We knew all this going into planning our trip and decided there was no time like now to get our feet wet and jump in to see what Iceland has to offer. We put together a group and off we went.
Once our flight landed and we were on the bus for the transfer to our hotel, we wondered what we had gotten ourselves into. The land was flat with landscaping that could best be described as the closest thing to being on the moon. Black and rocky as far as the eye could see.
Our large bus took us to the main bus station where we had to transfer to a smaller bus to be dropped in the Reykjavik city area. In July, a new law went into effect in the city that stopped buses from dropping off tourists at their hotel. Instead, there are bus stops throughout the city where you can get off and walk to your hotel.
We were staying at the CentreHotel Skalbreid which was right around the corner of the #7 bus stop. We trudged up a small hill and took a left and our little hotel was on the right hand side. This is NOT a hotel for anyone with mobility issues. There were three large steps to go up to get into the hotel (with no railing) and once inside, five more steps to get to the elevator - again, not easy to navigate.
Our rooms weren't ready when we arrived at 12:30 so the hotel clerk held our bags and our group went out to explore. The hotel couldn't have been in a more central location - you could walk almost anywhere in the city from it. We made a left and walked downtown to the water front area. There were plenty of restaurants and a couple of museums - a volcano museum and Northern Lights Museum. You could do a whale watching or puffin boat excursion right from town or add on an excursion and be picked up by bus to various places such as Thingviller Park, the Blue Lagoon, an Ice Cave or even a tour of the city.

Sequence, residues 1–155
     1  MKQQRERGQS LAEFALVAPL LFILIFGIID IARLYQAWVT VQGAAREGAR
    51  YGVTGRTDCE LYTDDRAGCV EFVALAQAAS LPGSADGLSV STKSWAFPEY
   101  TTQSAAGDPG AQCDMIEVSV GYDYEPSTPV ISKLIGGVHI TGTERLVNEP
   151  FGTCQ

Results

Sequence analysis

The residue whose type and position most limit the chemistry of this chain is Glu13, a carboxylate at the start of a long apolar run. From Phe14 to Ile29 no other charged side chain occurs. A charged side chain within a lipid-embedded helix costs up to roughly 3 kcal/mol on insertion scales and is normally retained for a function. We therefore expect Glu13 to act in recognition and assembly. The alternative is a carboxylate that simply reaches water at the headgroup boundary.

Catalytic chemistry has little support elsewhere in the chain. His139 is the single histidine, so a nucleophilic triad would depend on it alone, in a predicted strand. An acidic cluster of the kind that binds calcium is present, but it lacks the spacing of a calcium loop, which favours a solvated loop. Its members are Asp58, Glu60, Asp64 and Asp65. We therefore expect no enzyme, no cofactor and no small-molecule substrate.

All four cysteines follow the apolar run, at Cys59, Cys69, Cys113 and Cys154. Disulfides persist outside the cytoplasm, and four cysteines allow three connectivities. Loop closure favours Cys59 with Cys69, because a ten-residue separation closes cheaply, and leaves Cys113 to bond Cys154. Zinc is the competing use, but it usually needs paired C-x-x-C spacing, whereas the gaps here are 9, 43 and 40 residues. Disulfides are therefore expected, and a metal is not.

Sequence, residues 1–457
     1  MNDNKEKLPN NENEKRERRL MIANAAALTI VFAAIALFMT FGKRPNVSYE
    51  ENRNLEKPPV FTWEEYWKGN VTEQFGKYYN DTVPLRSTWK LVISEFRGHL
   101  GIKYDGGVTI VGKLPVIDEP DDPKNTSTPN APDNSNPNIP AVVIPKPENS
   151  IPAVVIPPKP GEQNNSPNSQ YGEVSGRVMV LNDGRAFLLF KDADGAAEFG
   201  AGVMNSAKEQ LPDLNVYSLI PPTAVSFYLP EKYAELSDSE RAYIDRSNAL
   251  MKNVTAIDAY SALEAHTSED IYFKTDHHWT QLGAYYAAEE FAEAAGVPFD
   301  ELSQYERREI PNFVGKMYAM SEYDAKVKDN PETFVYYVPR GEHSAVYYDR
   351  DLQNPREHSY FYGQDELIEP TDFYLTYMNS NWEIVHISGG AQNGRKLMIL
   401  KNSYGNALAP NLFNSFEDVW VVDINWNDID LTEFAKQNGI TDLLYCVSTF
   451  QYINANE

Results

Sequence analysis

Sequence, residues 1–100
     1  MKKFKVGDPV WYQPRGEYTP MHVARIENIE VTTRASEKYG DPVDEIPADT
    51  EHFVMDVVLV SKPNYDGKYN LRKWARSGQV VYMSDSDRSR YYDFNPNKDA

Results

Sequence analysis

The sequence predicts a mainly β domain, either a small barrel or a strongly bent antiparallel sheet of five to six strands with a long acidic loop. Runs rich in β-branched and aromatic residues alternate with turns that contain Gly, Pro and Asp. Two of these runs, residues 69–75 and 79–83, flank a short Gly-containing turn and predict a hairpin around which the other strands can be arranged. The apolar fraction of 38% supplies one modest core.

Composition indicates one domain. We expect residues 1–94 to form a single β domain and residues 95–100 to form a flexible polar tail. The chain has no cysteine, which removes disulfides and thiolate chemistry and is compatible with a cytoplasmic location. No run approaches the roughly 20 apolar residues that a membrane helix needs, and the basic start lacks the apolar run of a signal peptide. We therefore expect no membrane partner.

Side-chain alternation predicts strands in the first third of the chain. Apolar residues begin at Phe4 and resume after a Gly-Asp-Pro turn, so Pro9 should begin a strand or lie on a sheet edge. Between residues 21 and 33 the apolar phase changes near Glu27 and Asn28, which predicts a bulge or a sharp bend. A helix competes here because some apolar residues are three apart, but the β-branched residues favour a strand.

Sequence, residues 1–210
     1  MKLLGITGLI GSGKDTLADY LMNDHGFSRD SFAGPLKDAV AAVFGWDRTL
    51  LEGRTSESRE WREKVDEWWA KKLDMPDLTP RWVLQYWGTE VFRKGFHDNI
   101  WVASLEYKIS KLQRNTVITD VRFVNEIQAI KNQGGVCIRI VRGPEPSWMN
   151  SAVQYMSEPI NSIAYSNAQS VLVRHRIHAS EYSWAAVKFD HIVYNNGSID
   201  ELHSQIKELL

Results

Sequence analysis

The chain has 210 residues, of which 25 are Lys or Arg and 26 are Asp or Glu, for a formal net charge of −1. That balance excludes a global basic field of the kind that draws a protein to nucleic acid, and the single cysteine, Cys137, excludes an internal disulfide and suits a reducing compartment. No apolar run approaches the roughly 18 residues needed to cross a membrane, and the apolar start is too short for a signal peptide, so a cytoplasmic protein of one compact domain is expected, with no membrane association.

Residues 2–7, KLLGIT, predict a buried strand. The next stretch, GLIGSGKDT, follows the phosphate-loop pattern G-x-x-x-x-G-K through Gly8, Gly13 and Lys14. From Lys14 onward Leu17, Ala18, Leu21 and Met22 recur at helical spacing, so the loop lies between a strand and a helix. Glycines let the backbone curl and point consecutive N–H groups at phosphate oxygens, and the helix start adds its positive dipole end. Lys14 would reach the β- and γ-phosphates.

We explored the city on foot and then returned to check in. The hotel is certainly not modern and the rooms are extremely small but it was clean. There was a free breakfast and you could ask for a wake up call for the Northern Lights. However, the price was right and the location could be better - right in the middle of the city where you could find plenty of restaurants within walking distance. The only issue we had was noise at night. Apparently, Reykjavik is party central at night and because the rooms were very warm at night (there is no air conditioning in the hotel), we would have to open the windows to cool the room off. And the bar noise was terrible - people screaming and yelling in the streets at all hours. We had ear plugs and used them.
Day two we had two things planned - a tour of Reykjavik and the Blue Lagoon. The bus tour of the city was interesting - it took us to the majestic church that is an icon in the city, Hallgrimskirkja Church. Construction of the church began in 1945 and it wasn't consecrated until 1986. As majestic as the outside of the church is, the interior is quite sparse - until you see the organ, which has 5,275 pipes!
Another place we visited was the Hofdi House, which was the place that President Ronald Regan and Soviet Premier Mikhail Gorbachev met in 1986 to try to reach a bi-lateral agreement on nuclear arms reduction. A year after Reykjavik the U.S. and Soviet Union signed the Intermediate Range Nuclear Forces Treaty (INF), for the first time eliminating an entire class of nuclear weapons. The Strategic Arms Reduction Treaty (START) was signed a few years later during President H.W Bush’s term.
After showering before getting into the lagoon (everyone had to shower before getting in to the water). We were instructed to make sure we did not get our hair wet as the silica in the water was extremely drying. Women were advised to take hair conditioner and spread it onto your hair and leave it in when going into the water.
The weather was beautiful for Iceland standards - a balmy 50 degrees yet my concern was how I was going to get out of my robe and quickly into the water before I froze. No reason for concern, as you can enter the water from inside the building and it wasn't necessary to walk outside in the cold in a bathing suit at all.
Ah, the relaxation! The water was therapeutically warm. Once you are in the water, you are instructed to walk to the left to an open air hut that housed silica to make a mud mask. You could put it on your face only or your entire body. We opted for the facial mud and it really extracted impurities from your pores! To the right was a huge open air bar where you could get a drink while relaxing in the water. We were there for about two hours and totally enjoyed the experience. One caution - food is very expensive in Iceland and even more so in the Blue Lagoon. Wait until you get back to Reykjavik for a meal.